on a big man is a lot of visual information all at once, so keep things simple to avoid overwhelming the people around you.

As with short men, there's no reason to make this your style gospel. Tall guys can do just fine in
vertical stripes, within reason. All you're doing is avoiding extremes, and erring on the side of
breaking your height up a little.

Styles for Heavyset Men

There's a lot of advice out there for men who want to appear slimmer. Some of it's good and some of
it's not.

Try not to get hung up on the idea of "slimming down." The goal is to look good, not to look like you
have a different body. Simple solids, dark colors, and a clean silhouette all go a long way toward
making a broad man look big and powerful, rather than out of shape.

Jackets are the big man's friend. Wear one whenever you can! A simple dark blazer or sports
jacket frames the torso and directs people's eyes up toward your face.

Keep patterning to a minimum. Thin lines on wide scales work better than closely spaced patterns. A big body has a lot of surface area, and detailed patterns can easily look overwhelming.

Large accents will help keep everything looking proportional. Avoid skinny belts, slim wristwatches, and insubstantial-looking pocket squares. You want your small details to project solidity.

The goal for a heavyset dresser is to keep everything looking neat, simple, and proportional. Don't be
afraid to be bold -- you've got the body to carry it off.

Clothing and Posture

Men of any size should also keep their posture in mind when selecting clothing.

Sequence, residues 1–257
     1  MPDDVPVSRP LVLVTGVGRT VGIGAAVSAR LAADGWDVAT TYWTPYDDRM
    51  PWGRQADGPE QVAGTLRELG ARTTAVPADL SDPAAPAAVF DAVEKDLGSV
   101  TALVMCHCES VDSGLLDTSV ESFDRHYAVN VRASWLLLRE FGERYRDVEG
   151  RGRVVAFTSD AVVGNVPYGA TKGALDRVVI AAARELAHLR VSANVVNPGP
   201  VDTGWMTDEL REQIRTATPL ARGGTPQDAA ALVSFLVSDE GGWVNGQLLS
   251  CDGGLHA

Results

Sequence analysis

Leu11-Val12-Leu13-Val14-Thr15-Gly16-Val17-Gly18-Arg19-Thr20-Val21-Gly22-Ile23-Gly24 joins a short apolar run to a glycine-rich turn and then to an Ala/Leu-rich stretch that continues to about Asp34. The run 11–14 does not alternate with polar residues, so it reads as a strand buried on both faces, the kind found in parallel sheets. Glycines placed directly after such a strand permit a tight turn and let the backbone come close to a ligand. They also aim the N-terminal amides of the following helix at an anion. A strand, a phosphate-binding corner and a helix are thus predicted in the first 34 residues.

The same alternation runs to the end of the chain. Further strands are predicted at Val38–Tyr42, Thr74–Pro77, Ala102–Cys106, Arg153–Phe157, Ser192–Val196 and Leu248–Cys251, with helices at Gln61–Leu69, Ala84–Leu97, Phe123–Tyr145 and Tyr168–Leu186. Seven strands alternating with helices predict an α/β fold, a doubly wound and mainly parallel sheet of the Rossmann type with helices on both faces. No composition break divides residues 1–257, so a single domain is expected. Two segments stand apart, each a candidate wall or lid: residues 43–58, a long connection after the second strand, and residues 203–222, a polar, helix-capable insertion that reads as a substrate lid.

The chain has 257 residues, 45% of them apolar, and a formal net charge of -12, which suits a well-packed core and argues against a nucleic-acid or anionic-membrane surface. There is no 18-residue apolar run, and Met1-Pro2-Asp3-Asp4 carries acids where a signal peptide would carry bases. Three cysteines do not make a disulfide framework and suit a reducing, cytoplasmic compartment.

Ideally, you want your posture to be as straight as possible. The most attractive way for a man to
carry himself (and there are deeply-engrained biological reasons for that attractiveness) is with his
back straight, his chest forward, his chin up, and his shoulders wide and square.

If you already assume that posture naturally, you're ahead of the game. If you don't, it's worth trying to change your habits, but in the meantime you'll want to be aware of your normal posture when you
shop for clothes.

Always try clothing on in your "natural" posture. That means relaxing into your default habits, rather
than stiffening up and puffing your chest out for the mirror. Remember, you're not trying to impress
anyone in the changing room.

This is particularly important when men are getting fitted for custom clothing or adjustments.


jackets take the "pitch" of the sleeve into account: the angle at which it attaches to the shoulder
and torso of the jacket. If you're artificially distorting your posture during the measurements, you're
likely to get a jacket with a pitch that doesn't fit your body.

Be realistic, and shop for the body you have rather than the body you want (that's always good advice,
for issues of weight gain and loss as well as posture). Work on straightening your back and shoulders
-- it's good for your appearance and your health --but be ready to take a pass on clothing if it
wrinkles or distorts on your existing default posture.